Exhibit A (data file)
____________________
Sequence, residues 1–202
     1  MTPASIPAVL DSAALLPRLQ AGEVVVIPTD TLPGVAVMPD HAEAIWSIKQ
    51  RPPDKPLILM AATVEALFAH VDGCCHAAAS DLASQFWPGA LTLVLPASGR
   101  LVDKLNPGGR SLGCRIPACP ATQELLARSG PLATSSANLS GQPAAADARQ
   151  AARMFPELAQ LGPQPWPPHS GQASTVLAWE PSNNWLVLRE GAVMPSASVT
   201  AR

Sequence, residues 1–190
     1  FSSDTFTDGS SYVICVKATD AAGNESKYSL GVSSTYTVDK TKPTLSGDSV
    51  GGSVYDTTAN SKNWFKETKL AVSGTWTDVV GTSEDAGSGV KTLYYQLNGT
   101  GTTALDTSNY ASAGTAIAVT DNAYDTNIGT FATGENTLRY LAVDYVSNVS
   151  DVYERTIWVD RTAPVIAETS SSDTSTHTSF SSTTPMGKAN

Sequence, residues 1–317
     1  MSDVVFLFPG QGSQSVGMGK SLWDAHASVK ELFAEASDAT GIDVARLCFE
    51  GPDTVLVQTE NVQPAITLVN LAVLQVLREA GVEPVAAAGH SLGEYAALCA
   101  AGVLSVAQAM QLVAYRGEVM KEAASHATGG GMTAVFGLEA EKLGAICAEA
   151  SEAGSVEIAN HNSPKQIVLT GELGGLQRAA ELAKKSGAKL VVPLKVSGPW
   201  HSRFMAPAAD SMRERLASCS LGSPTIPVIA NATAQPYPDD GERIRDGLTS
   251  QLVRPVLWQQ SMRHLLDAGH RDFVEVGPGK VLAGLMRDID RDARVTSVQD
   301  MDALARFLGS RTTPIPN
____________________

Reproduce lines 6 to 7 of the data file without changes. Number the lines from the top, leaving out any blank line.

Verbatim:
   201  AR

Sequence, residues 1–190